HOWARD COUNTY, Ind. (WISH) — Hundreds of emergency responders and grateful citizens lined the streets as the body of Howard County Deputy Carl Koontz was transported from downtown Indianapolis to Kokomo Monday afternoon.
- PHOTOS: Procession honors Deputy Koontz
Koontz, 27, was killed in a shootout while serving a warrant early Sunday morning. He leaves behind a wife, Cassie, and young son, Noah.
- FULL COVERAGE: Howard County deputy killed in shootout
Police departments from all over Indiana are volunteering to help the Howard County Sheriff’s Office as it mourns the loss of Koontz.
The Marion County Coroner’s Office said Koontz died from a single gunshot wound to the pelvis. The manner of death was ruled a homicide.
In a press conference on Monday morning, Howard County Sheriff Steve Rodgers identified 25-year-old Evan Dorsey as the suspect. Dorsey had an outstanding warrant in Clinton County when the shooting happened Sunday.
Indiana State Police said Monday Dorsey shot and killed himself. The Howard County Coroner’s Office says the preliminary autopsy report for Dorsey revealed a self-inflicted gunshot wound to the head.
According to jail records, Dorsey had three different arrests for him. The last time police made contact with him was in December for a violation of probation for possession of a controlled substance. A warrant was issued and he was arrested on Dec. 30.
Howard County Sheriff Office Sgt. Jordan Buckley, who was shot in the exchange was in good condition. Sheriff Rodgers said “we will be happy to have him home.”
Late Monday afternoon, Buckley was released from the hospital. He is expected to make a full recovery. ISP said he was expected to participate in Monday afternoon’s procession.
Officers from outside the department will be patrolling Howard County over the next few days, as the sheriff’s office grieves. Counselors will also be on hand for employees at the Howard County Sheriff’s Office.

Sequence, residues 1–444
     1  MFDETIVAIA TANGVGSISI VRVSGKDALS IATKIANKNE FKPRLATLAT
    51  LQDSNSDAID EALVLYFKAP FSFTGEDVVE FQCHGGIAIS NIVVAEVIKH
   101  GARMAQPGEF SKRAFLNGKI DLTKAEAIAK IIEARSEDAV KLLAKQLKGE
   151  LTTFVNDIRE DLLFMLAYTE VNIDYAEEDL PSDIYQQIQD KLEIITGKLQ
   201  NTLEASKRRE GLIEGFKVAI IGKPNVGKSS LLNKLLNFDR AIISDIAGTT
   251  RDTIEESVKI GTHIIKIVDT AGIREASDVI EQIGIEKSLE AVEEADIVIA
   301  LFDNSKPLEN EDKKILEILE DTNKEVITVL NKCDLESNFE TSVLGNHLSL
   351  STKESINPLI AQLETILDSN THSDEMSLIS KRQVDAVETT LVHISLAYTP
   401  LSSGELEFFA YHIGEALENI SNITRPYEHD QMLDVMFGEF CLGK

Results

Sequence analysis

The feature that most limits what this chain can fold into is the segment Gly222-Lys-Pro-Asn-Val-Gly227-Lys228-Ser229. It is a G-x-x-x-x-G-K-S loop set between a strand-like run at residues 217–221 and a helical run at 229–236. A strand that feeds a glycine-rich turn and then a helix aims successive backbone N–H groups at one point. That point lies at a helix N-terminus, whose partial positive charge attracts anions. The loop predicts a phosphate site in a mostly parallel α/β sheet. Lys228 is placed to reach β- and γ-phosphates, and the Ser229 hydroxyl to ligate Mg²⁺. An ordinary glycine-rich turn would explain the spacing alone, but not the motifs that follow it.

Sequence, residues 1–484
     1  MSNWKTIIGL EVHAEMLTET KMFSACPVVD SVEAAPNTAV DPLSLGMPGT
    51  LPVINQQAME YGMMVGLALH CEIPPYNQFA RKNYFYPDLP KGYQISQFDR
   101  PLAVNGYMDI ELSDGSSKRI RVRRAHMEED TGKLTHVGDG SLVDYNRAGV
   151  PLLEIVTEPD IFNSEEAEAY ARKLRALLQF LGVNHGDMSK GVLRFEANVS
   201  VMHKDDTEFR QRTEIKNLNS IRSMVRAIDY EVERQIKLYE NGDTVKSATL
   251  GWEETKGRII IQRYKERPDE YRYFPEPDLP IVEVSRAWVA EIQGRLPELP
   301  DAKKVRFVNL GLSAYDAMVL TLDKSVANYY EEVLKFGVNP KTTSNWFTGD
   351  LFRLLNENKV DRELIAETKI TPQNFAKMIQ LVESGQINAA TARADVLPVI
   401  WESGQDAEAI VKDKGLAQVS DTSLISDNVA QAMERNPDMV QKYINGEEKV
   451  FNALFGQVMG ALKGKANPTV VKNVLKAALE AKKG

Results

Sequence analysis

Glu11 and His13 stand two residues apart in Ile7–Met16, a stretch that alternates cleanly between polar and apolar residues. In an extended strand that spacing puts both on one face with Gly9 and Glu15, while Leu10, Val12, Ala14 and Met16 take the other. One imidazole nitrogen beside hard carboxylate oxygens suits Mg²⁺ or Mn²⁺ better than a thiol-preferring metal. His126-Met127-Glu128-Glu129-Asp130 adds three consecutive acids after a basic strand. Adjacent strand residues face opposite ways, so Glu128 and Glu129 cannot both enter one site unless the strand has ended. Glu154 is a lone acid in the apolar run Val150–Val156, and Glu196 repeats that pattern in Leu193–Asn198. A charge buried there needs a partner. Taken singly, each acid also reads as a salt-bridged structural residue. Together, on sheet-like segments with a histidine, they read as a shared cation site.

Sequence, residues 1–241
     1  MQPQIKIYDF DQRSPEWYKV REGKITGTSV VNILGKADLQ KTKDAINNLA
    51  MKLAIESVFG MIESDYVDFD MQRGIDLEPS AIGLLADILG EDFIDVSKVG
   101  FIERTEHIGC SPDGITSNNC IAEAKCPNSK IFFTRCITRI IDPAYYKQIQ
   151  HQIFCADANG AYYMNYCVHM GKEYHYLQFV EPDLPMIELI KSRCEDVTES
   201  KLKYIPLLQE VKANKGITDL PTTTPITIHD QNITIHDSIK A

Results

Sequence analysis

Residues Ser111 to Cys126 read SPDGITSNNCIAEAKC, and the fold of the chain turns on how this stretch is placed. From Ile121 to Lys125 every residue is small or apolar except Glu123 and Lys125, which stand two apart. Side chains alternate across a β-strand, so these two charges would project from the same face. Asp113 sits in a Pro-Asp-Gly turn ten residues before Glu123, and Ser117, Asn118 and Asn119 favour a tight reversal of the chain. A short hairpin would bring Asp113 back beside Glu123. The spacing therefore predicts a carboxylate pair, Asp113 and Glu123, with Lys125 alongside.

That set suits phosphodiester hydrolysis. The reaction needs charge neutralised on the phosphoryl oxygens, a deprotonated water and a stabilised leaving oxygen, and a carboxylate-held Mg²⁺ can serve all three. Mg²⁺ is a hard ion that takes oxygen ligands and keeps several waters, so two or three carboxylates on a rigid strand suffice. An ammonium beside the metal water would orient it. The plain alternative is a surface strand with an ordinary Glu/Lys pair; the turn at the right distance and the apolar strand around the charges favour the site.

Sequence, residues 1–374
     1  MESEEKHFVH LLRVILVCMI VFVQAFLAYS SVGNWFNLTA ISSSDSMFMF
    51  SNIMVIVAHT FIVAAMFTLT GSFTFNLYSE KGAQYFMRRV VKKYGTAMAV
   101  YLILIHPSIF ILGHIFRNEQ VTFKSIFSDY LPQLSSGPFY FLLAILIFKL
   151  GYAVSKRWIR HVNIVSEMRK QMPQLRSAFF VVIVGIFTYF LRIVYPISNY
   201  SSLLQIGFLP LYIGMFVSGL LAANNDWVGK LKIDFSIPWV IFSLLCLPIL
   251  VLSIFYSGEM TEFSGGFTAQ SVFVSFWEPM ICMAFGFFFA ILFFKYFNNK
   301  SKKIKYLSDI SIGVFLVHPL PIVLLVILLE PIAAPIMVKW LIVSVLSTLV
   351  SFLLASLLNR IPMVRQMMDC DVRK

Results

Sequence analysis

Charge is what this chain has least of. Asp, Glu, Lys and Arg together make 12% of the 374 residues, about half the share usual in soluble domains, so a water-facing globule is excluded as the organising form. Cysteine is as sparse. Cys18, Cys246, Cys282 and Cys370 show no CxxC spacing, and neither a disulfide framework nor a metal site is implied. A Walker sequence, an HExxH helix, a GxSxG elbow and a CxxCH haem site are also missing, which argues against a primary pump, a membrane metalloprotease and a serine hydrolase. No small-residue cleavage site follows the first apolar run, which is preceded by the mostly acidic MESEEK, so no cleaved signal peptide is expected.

Deputy Koontz’ patrol vehicle was sitting outside the sheriff’s office as a memorial on Monday. Community members left flowers, candles and stuffed animals on his vehicle.
By request of Koontz’ wife, Cassie Koontz, a moment of silence was held at Monday.
Funeral details have not been announced.
RESIDENTS REMEMBER KOONTZ
Chance Urbina will never forget the day he met Koontz.
The chance encounter happened after a drunk driver struck Urbina’s vehicle. Koontz was the first to arrive to the scene that day.
“He was the guy that was there the whole time,” said Urbina. “He made sure I was safe and he followed me all the way to Fort Wayne.”
On Monday, Urbina returned the favor. He showed up to Koontz’s squad car draped in flowers outside the Howard County Sheriffs Department. He gazed at it for several minutes before speaking with 24-Hour News 8.
He said he just wanted to show his appreciation for the married father of one.
Later, a crowd stood in the same place for a moment of silence. When the moment came to an end, Koontz’ widow said thank you, and the family was quickly whisked away.
Just a few miles away a crowd waited for hours for Koontz’s procession to arrive from Indianapolis to Kokomo. Residents lined the streets in front of Stout and Son Funeral Home on 1300 block of West Lincoln Road.
A big pair of sunglasses shaded Marieellana McCoy’s eyes as she talked about Deputy Koontz.
“You wonder why God takes the good ones. I felt really, really bad, so I kept it (news coverage) on all night watching it, switching from the channels to see what’s going on,” McCoy said.
Loren Dunn never met Koontz, but when he heard about the deadly shooting he and his wife were determined to be at the procession for one reason: “To show our support for our officers; they protect our home and home front, we just felt like we should be here,” Dunn said.
Sandy Manis first heard about Deputy Koontz’ injuries Sunday morning in a text from her manager.
She works with his wife Kassie Koontz at a Kokomo dental office.
“My husband is a pastor, so we took it before the church when we got there in the morning and we just prayed over the whole situation and for Kassie and Noah,” she said.
She was heartbroken to hear about his passing.
Nearly their entire office staff stood along Lincoln on Monday afternoon to attend the procession.
“We just want to show every bit of support for her and also for the community to be aware of the things that are going on,” Manis said.
She was amazed at the turnout for the procession from Indianapolis to Kokomo.
“Baby Noah may not grow up knowing his daddy, but this is just an awesome thing for him to go back and look at when he grows up to know that his daddy was truly a hero,” she said.